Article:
Keyon Harrold Sr.
On Dec. 30, I stood in Manhattan, New York’s City Hall Park where 14 years prior, Kat Rodriguez (my son’s mother) and I watched a performance by saxophonist Miguel Zenon. I remember that day, and being at that location because it was also the day that Kat told me that we were pregnant, and that I was about to embark on my dream job of fatherhood.
Last month, I returned to that area for a news conference — one for the sole purpose of protecting my son, whom I had spent years trying to shield from the world’s injustices.
The day after Christmas, my son and I were walking through the lobby of New York City’s Arlo Hotel, when a woman falsely accused him of stealing her cellphone, pulled hotel management into her biased rant and tackled my 14-year-old without provocation.
Hotel staff demanded to see my son Keyon Harrold Jr.’s phone.
My first thought was to protect him from the verbal and physical attacks we were both facing.
I’ve seen comments that ask: “Why didn’t you just give over the cellphone?” The answer is simple: Because my son and I have rights.
There are many nuances that play into the societal problems that I, as a Black man, often deal with. What if I had lost my cellphone, walked into an upscale establishment and wrongfully accused a 14-year-old white child of stealing my phone, then assaulted that child and his father? Would the establishment’s manager have enabled me to attack them and allowed me to leave the establishment only to realize later that I lost my phone in an Uber? Would it have taken several days to locate and identify me? I will leave it to you to ponder and then answer those questions.
False accusations against and assumptions about Black people are frequently at the root of run-ins with the law and have been used to justify the killing of Black and brown people at the hands of both civilians and police. My son and I were robbed of civil respect. My word was of no value. My son was racially profiled and wrongfully accused by a person who left her phone in an Uber.
My freedom to simply get Boxing Day brunch is now a part of the traumatic canon of staying in a hotel while Black. A random woman deputized the Arlo’s manager to assist in a disastrous trauma.
Video that I posted on Instagram of the incident shows that I tried with all of my faculties to get the manager and the person who attacked us at the hotel to hear me. What did I want them to hear? The truth that we did not have her phone. That should have either ended the conversation or, at the least, taken it in a direction that was civil, nonconfrontational and just.
We were presumed guilty and required to comply with white authority. We were forced to accept injustice as normalcy and the rule. Where is justice? There is often no accountability for false accusations.
We have witnessed the tragic story of Trayvon Martin, a 17-year-old who was tackled and killed by a self-deputized neighborhood protector. Even after the 911 operator told killer George Zimmerman not to follow the teen, he pursued Trayvon, shot him to death and avoided conviction.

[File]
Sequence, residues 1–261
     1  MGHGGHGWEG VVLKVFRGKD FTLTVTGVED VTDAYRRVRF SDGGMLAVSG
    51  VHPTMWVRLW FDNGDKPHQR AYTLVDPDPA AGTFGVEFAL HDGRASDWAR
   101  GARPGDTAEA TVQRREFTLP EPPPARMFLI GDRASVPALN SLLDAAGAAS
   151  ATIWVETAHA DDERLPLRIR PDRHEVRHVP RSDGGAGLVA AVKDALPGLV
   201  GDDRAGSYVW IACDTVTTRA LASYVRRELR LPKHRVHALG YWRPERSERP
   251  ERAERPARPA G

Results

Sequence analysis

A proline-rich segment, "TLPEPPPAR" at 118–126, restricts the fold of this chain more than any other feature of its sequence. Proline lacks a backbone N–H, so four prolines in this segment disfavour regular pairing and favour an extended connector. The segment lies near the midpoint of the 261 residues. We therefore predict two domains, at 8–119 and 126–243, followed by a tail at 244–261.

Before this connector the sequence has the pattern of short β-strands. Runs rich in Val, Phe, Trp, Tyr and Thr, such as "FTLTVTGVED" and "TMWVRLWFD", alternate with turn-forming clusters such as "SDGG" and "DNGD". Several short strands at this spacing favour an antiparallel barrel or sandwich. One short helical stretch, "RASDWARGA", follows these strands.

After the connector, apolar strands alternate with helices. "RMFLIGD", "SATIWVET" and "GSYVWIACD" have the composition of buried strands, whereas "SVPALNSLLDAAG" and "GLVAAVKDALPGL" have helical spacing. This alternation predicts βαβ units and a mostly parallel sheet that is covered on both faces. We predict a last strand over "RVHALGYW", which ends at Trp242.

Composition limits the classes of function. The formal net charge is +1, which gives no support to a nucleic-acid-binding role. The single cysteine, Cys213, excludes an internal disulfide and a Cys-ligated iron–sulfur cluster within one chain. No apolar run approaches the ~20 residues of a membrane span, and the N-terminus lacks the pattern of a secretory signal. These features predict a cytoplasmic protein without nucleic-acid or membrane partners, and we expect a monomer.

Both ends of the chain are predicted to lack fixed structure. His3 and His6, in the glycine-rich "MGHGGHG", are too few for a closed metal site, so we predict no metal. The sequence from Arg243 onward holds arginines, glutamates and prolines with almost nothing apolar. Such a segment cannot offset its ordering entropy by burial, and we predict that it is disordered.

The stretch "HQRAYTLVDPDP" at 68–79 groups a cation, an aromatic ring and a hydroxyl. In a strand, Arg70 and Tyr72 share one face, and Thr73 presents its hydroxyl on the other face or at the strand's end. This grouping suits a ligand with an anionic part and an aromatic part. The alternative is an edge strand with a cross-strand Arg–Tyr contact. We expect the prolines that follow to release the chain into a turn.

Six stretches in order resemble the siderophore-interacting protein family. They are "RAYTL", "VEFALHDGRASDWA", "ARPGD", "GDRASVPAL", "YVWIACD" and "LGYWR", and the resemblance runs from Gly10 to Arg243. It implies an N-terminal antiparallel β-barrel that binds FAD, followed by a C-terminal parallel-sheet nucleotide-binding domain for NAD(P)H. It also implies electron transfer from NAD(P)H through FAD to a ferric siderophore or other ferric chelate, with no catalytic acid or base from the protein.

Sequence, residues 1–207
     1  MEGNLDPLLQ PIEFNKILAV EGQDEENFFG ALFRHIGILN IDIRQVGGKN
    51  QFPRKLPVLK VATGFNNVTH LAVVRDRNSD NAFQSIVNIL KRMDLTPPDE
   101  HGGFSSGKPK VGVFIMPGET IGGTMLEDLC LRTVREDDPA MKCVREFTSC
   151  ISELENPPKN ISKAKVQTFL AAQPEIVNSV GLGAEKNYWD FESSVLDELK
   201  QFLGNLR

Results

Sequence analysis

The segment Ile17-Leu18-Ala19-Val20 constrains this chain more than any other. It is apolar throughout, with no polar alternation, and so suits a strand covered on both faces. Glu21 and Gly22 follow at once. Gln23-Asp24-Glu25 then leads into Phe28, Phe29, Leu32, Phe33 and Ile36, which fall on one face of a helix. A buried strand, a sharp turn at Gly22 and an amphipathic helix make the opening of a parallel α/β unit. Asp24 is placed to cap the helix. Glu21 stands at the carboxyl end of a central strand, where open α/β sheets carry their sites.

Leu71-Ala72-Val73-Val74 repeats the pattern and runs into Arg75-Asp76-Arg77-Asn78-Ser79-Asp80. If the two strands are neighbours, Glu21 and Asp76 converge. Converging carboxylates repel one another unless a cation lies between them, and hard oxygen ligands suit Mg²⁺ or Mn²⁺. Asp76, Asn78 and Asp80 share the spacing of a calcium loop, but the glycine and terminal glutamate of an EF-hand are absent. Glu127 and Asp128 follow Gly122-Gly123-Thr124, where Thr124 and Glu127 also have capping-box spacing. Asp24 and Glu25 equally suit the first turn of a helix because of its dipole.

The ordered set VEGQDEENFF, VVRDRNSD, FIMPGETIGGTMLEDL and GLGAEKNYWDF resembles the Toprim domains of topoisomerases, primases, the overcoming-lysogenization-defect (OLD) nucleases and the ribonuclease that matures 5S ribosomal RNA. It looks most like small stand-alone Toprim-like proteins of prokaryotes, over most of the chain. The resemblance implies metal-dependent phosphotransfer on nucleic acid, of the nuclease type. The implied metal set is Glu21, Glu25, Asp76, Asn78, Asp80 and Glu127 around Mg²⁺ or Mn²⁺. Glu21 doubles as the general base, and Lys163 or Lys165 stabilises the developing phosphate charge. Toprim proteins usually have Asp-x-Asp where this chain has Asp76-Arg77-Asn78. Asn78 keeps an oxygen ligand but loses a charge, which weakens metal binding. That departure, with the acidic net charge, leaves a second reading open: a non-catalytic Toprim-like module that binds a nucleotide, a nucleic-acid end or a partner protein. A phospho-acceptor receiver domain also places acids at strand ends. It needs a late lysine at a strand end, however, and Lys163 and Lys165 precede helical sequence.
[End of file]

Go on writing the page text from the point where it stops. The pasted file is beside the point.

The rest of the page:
And we know the seminal tale of Emmett Till, who was killed in 1955 at the age of 14 after being accused of flirting with a white woman. The white men who beat him and dumped his body into a river were also not convicted.
Policing the USA:A look at race, justice, media
These stories echo the banality of many who have asked why I didn’t attack her. It is an unspoken truth that if I, as a Black man, had been equally violent, this horrific travesty would not have brought about the awareness that can lead to change. Chances are it would have ended in tragedy for myself and my son. And even if it hadn’t, what kind of an example would I have been to my son if I had done that?
My child was accosted, wrongfully accused and assaulted while I was present. This issue is not wholly about the person who committed the violent attack. It is about how a system is programmed not to believe Black people, and to believe everyone else.
The manager’s first response was to empower an erratic person with baseless claims. He irresponsibly used his hotel job as the basis to enable and authorize a person to violate us. At no time did he look at my son and me as people who deserved to be heard. At no time did he try to stop her aggression. At no time did my words or my son’s words mean anything to his establishment even though I was a paying customer.
This incident is part of a systemic problem, embedded in the instincts of too many.
I want to end with the following questions:
Why weren’t we protected in America?
Why weren’t we afforded respect in America?
Why weren’t our words trusted or even considered in America?
Maybe the answer is because of the systemic racism in America.
What would have happened to my son if I had not been there to protect him?